Handling Michigan Driver's License Restoration Appeals is the basis of my Practice. In that regard, I have gone to great lengths (some might say "overboard") within this blog and on my website to provide as much insight and information about the various steps in the License Appeal Process as I can. Recently, I capped off a 7-part series about License Appeals. Yet as I look back, I found that I came up a bit short in explaining what happens after a person wins. I never explained what kind of License or relief a person gets when they win their case. Anyone who has explored the Driver's License Restoration section of this blog knows my articles are generally rather long; this one will be comparatively short.

In the spirit of trying to answer those questions that I am most frequently asked, this article will look at what kind or "type" of License a person will get after a successful License Appeal, and how that differs if a person still lives in Michigan, or has a Michigan "hold" on their Driving Record and now lives out-of-state.

pickprize1.1.jpgNot to begin this article by sounding cocky, or over-confident, but I have an across-the-board win rate of over 98% in my License Appeals, and this allows me to GUARANTEE that I will win any case I accept. If, for some reason, I do not, then I will continue to represent my Client in all subsequent DAAD Hearings without further Fee. Fortunately, I have rarely ever had to go back a second time, and have NEVER had to go back a third. Thus, when I accept a case, we speak of what will happen after we win, not if we win.

First, it is necessary to understand that the "kind" of License Appeal a person files dictates what kind of relief they can get. If a person lives in Michigan, then they file for Restoration of Driving privileges. If they no longer reside in Michigan, they file for what is called a "Clearance" of the Michigan hold on their driving Record. This will allow them to get a "full" License in their home state.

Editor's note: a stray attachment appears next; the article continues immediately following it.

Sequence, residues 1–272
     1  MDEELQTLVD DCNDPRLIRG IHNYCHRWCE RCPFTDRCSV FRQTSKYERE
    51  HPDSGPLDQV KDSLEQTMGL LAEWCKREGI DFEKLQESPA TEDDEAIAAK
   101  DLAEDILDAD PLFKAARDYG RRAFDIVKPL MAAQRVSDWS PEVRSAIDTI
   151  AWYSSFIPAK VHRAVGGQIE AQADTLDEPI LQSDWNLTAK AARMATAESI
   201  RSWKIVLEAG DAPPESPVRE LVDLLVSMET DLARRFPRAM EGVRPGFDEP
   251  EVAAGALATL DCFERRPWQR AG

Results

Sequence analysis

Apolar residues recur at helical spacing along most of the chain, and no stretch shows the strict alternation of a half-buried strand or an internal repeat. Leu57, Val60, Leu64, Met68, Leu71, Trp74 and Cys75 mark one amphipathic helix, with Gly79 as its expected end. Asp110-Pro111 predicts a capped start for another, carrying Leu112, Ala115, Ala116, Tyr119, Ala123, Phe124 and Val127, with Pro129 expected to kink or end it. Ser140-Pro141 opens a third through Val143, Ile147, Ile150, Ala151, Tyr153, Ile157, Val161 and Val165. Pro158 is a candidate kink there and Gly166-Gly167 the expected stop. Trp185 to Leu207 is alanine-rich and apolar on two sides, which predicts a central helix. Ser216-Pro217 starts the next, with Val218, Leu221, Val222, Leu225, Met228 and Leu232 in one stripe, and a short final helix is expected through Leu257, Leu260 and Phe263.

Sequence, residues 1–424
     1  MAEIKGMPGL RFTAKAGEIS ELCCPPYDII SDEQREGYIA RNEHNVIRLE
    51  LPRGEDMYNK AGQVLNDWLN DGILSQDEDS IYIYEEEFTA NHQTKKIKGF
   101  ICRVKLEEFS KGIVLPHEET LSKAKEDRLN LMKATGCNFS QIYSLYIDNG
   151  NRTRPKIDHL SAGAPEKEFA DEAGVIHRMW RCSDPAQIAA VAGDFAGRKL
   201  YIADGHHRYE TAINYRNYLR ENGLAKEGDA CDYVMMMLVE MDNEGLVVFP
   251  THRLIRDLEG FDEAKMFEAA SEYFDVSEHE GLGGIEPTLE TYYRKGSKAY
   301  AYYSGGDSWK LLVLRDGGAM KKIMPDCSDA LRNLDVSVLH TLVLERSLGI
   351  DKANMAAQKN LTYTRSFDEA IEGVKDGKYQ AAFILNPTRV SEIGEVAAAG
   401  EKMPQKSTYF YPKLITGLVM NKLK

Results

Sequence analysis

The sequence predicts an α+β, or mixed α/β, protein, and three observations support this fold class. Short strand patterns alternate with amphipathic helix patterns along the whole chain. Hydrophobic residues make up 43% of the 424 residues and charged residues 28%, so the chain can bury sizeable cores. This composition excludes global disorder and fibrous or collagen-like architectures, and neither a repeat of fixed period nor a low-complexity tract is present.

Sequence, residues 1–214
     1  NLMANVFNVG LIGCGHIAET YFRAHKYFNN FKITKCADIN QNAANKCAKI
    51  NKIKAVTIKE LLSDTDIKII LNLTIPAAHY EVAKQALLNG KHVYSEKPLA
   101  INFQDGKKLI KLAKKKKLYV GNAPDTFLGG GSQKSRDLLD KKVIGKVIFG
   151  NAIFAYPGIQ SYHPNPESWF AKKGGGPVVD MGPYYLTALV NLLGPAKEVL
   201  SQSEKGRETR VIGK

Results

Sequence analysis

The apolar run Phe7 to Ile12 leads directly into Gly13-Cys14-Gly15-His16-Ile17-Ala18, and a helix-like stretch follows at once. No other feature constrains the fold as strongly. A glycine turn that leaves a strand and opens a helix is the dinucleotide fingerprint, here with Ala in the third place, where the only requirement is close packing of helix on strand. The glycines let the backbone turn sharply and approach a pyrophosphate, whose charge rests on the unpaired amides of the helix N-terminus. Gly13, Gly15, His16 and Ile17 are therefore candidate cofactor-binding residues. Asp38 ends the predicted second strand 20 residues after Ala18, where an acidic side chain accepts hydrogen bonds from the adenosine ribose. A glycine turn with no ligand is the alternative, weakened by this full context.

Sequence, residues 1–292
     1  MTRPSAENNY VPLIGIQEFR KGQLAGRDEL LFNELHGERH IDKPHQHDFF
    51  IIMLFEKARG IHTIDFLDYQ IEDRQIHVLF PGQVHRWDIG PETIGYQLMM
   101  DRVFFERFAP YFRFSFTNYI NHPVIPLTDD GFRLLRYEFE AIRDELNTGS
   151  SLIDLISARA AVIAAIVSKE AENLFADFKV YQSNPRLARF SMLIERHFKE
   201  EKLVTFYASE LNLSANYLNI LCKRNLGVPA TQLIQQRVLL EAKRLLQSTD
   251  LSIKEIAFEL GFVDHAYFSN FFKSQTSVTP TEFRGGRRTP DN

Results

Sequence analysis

Thus, anyone who now lives outside of Michigan essentially wins a "full" License after a successful License Appeal.

Michigan residents seeking Restoration of their Driving privileges after a Revocation for multiple DUI convictions can only win a Restricted License, and must drive with an ignition interlock, a kind of ignition-breathalyzer unit, for at least the first year.

In terms of what is filed, whether a person lives in Michigan or not, the Appeal is identical. The same documentation must be filed, and the same proofs must be made. The Hearing is also identical.

I am asked all the time by my Michigan Clients, "is there some way around this?" Unfortunately there is not. The rules are set in stone. If you live and Michigan, and you win a Driver's License Restoration Appeal, you MUST drive with a Restricted License and an ignition interlock unit for at least the first year.

Continue reading "What kind of License you get when you win a Michigan Driver's License Restoration Appeal" »

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March 12, 2012

Why Being a Michigan Driver's License Restoration Lawyer is so Specialized

Being a Driver's License Restoration Lawyer puts me in a specialty with only a handful, at most, of other Lawyers with a similar Practice concentration. It can, at times, be a bit lonely, in that I simply never find myself exchanging war stories with anyone who does as much of what I do for a living. Recently, I have developed a friendship with another Restoration Lawyer a number of Counties away, but aside from her, there's really no one else with whom I can compare notes.

That's not to say that I don't receive my fair share of inquiries from other Lawyers who find this blog, and my website, and contact me with a question or two. However, in those situations, our experience isn't nearly as lateral as it is vertical.